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Seasonal Affective Disorder

Depression | April 10, 2017 | Author: Naturopath


Seasonal Affective Disorder

If you experience more than just the winter blues each year you may be suffering from seasonal affective disorder or SAD. Also referred to as winter or seasonal depression this form of unhappiness occurs during the same season each year, most commonly during the winter months. Although not as common, a second type of SAD can occur during the summer months in warmer climates. Summer SAD is more related to heat and humidity rather than a lack of sunlight in winter SAD.

What puts you at risk of SAD?

Anyone can get it, but it is more common in:

  • Women. However, men tend to have more severe symptoms.
  • Young people have a higher risk of winter SAD.
  • People with a family history of SAD or another form of depression.
  • People who live far away from the equator, where winter daylight hours are very short.
  • People with depression or bipolar disorder. Symptoms of these conditions may worsen seasonally.

What causes SAD?

Experts aren’t exactly sure but they believe it may be triggered by a lack of sunlight in Autumn. This lack of light can disrupt your body’s “internal clock” which controls your sleep-wake pattern and other circadian rhythms.

SAD may also cause problems with levels of serotonin, a neurotransmitter that can cause depressive symptoms if levels are low.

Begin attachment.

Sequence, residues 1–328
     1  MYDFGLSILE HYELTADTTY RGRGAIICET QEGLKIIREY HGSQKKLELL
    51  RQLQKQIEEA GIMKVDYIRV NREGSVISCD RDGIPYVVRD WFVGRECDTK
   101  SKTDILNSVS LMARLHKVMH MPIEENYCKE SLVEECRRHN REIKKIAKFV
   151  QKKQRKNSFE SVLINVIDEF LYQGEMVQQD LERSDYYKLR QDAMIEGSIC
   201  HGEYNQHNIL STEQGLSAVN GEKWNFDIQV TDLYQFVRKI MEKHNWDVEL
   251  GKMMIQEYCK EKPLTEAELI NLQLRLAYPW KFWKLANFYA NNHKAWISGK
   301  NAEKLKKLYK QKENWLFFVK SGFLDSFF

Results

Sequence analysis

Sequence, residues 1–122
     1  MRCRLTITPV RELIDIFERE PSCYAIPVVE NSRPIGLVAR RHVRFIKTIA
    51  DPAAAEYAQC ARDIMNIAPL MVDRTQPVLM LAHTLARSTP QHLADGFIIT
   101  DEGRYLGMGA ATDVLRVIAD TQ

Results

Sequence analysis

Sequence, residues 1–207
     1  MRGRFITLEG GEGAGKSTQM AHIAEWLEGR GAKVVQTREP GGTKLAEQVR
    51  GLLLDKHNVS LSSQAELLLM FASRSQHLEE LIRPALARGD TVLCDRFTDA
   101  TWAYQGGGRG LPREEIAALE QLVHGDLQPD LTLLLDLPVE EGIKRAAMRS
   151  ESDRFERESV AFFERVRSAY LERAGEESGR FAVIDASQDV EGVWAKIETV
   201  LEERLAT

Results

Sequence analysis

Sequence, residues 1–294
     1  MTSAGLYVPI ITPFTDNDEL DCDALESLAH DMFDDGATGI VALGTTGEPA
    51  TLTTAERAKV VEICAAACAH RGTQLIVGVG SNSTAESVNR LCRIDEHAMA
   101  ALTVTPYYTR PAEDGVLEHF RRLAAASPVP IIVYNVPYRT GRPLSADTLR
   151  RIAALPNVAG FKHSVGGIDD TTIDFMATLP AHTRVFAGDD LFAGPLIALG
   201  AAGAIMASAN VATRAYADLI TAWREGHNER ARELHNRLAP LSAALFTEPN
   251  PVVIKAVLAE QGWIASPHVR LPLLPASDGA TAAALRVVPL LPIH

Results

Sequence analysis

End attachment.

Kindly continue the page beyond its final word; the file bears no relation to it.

Melatonin levels can elevate which is the chemical needed to regulate sleep and mood. An overproduction can cause sleepiness and lethargy, delaying the body's circadian rhythm.

People with SAD may also produce less vitamin D which is believed to play a role in serotonin activity. A vitamin D deficiency may be associated with symptoms of depression.

What are the most common symptoms of SAD?

SAD symptoms are the same criteria for diagnosis of major depression. These can include:

  • Feelings of hopelessness and/or pessimism
  • Sad, anxious or “empty” feelings
  • Irritability, restlessness
  • A lack of energy
  • Weight gain
  • Change in appetite
  • Carbohydrate cravings
  • Loss of interest in usual activities
  • Frequent oversleeping but still feeling fatigued
  • Difficulty concentrating, remembering details and making decisions
  • Thoughts of death or suicide

These symptoms in SAD are then worsened during a season, with improvements occurring during a change in season. This usually needs to occur two years in a row for diagnosis.

Natural treatment options

Light therapy is considered one of the main treatments for SAD. Counselling, Herbal Medicine and Natural Therapies may also be very helpful for people wanting a natural alternative to prescribed medications.

Light therapy

an effective and easy solution for people suffering from SAD. It helps to reset your internal clock and seems to benefit most SAD sufferers. 

Bright light therapy involves a light box that you sit next to during the day. It’s a fluorescent light that is brighter than indoor lights but not as bright as sunlight.

Dawn simulation, an alternative option involves a dim light that goes on in the morning while you sleep, getting brighter over time like a sunrise. Light therapy is usually prescribed for 30 minutes to 2 hours a day.

Most people report feeling better after a week or two but treatment needs to be continued daily until the season changes, otherwise your symptoms could return.